Thursday, September 02, 2004

My Thoughts on the War in Iraq

It seems there is a lot of “revisionist history” being written around the Iraqi War. When Mr. Bush decided to invade Iraq and overthrow Saddam, the stated reason was to “find and eliminate weapons of mass destruction and preemptively stop an imminent terrorist attack on the United States”. Clearly, neither of these was true. So, the new reason for the invasion is to “eliminate a brutal dictator who was suppressing and oppressing the people of Iraq, torturing people, engaging in mass murder, etc.”—All of which is true, but was not the original reason for the invasion.

And, if that is the motivation for invasion, then what are we going to do about Sudan, or Iran, or North Korea, or any other place in the world where brutal dictators are oppressing the population, engaging in torture or ethnic cleansing, etc? Are we going to impose the same high moral standards on them that we applied to Iraq and Saddam? Are they the next targets for preemptive war? If not, why?

The invasion was a mistake. And, the current administration, rather than admitting the mistake and minimizing the damage, is attempting to change history, and in the process is lying to the American public.

There are many negative implications of this mistake, implications that will haunt the U.S. for many years to come:

1. We have given up our role as a collaborative leader of the free world. We are now isolated in the international community. We did not listen to the concerns and advise of our strongest friends and allies. Instead, we arrogantly went forward with a preemptive war based on false data and assumptions. We should be embarrassed and humble, but continue to stake out the high moral ground and arrogantly assert our “rightness”.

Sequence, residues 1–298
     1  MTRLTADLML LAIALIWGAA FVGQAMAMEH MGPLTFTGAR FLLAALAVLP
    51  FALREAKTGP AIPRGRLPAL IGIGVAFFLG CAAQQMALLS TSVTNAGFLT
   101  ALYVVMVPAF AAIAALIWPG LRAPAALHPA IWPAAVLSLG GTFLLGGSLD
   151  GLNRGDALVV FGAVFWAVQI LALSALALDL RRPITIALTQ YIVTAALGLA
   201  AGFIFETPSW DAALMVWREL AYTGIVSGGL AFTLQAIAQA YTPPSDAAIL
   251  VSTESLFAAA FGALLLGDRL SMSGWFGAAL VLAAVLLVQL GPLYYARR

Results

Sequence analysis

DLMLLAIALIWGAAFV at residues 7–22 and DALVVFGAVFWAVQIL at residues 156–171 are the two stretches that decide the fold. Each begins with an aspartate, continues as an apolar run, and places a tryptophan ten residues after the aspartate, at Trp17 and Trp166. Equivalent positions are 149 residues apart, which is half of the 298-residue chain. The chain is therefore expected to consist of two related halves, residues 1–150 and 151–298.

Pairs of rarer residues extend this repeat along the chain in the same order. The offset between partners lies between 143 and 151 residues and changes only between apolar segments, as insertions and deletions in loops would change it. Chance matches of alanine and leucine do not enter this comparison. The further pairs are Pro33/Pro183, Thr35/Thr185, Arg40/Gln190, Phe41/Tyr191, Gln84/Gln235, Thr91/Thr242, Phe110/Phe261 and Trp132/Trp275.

2. We have strengthened the foundation on which fundamentalist terrorists base their hatred. We have created more terrorists and expanded the terrorist base geographically by not understanding the underlying motivations of terrorists and instead of decreasing those motivations, we’ve increased them.

3. We have lost about 1000 American lives—the lives of brave young men and women who did their job and followed the orders of their Commander-in-Chief.

4. We are spending billions and billions of dollars on a war effort. Money that we don’t have, in part because of tax cuts and lower revenues. This is creating a record national deficit that our children and grandchildren will have to deal with. Their standard of
living will be lower because of it.

I will confess to feeling a tremendous amount of pride in America and pride in George Bush when he led the effort to eliminate the Taliban in Afganistan and Al Qaeda after September 11, 2001. I must also confess to feeling disappointment and frustration that those efforts are now marginalized while we fight a battle in the war on terrorism on a false front that is distracting us from the real job we have in front of us—a job of leadership among nations; a job of collaborating with allies to fight terrorism; a job of resolving the underlying issues that motivate terrorism; a job of building a strong, confident America.

Tags:  No tags were found.
Posted under: Stuff You Gotta Know! • by Rick on 09/02/2004 at 11:15 AM
Permalink • eMail this article


Enter your comment below. Note, your comment will be publicly viewable by anyone who visits this site.

Commenting is not available in this channel entry.

<< Back to Home